Born in 1961 in Norwalk, Connecticut, Mendoza began learning classical guitar and piano from an early age. His musical influences ran from Bach to Aretha Franklin to Henry Mancini. However, discovering Miles Davis, Gil Evans, and later, Igor Stravinsky and Alban Berg gave him a further complex perspective of the construction of musical forms and ideas. Taking up the trumpet during high school, he later earned a degree in music composition at Ohio State University, before moving to Los Angeles. The music of Joe Zawinul and Wayne Shorter became a strong influence on his big band writing. He began working in the studios, composing music for television, while continuing to add to his extensive body of work written for big band. He completed his post-graduate composition and conducting studies at the University of Southern California. During this time he met a kindred spirit in drummer Peter Erskine, who included him in his mixed ensemble recording, “Transition” on Denon records. Mendoza contributed several compositions to this recording as well as on some of Erskine’s subsequent recordings. They have since become frequent collaborators.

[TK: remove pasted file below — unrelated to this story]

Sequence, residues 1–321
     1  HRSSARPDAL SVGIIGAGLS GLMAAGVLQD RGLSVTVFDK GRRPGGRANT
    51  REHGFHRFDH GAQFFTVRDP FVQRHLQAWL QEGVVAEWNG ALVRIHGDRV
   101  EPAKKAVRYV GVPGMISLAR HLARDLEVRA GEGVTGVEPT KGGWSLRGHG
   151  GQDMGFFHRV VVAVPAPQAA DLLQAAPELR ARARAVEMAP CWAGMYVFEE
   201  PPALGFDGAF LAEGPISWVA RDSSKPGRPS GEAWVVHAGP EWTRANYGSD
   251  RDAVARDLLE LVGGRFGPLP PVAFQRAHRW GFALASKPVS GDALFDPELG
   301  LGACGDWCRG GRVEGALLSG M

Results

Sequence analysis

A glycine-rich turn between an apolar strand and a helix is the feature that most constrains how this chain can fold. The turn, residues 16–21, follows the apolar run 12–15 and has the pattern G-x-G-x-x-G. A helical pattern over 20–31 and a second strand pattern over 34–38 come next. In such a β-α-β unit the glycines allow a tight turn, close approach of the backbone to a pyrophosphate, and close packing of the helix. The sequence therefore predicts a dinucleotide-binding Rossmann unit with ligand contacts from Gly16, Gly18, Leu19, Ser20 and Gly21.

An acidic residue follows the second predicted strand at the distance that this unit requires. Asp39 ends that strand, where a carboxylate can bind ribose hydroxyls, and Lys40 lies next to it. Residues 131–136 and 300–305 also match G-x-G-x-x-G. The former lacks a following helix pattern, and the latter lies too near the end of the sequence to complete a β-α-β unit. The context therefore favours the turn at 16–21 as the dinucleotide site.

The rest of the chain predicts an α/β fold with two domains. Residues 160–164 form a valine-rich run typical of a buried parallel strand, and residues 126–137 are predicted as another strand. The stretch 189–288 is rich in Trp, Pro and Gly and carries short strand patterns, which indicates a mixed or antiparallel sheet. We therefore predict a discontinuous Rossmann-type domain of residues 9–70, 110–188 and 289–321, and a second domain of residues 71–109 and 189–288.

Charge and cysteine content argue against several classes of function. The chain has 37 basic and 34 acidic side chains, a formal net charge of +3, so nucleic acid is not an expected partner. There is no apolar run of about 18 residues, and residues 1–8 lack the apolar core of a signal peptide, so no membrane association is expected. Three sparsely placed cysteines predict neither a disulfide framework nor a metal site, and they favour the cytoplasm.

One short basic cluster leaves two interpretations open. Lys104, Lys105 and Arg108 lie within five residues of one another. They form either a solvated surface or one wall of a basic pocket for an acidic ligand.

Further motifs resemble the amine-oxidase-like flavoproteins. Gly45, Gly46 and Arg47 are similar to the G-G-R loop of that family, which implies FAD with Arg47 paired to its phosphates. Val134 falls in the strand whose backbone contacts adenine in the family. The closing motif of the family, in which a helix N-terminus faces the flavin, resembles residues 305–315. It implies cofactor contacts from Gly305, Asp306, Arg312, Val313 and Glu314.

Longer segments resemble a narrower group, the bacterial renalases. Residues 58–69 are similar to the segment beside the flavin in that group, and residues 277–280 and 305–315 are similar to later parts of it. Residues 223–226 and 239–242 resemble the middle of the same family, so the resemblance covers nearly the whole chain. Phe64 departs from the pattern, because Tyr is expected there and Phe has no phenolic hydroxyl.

His early solo albums on Blue Note Records, “Start Here” and “Instructions Inside”, were critical triumphs that featured such artists as John Scofield, Joe Lovano, Ralph Towner, Bob Mintzer, Randy Brecker, Peter Erskine and others. “Start Here” was voted one of Jazziz Magazine’s “Top Picks” and Mendoza was recognized as “Best Composer/Arranger” by Swing Journal’s critics poll in Japan. Through his profile-building stint as guest arranger and conductor of the WDR Big Band, based in Cologne, Germany, Mendoza became widely known in Europe as a multi-talented composer arranger with a deep understanding of contemporary styles. His work on the CD “The Vince Mendoza / Arif Mardin Project: Jazzpaña” with the WDR Big Band, brought him a Grammy nomination for “best instrumental arrangement”. Since then, Gary Burton, Pat Metheny, Michael Brecker, Charlie Haden, Andy Narell, Kurt Elling and John Abercrombie have prominently featured Vince Mendoza’s compositions and arrangements on their albums.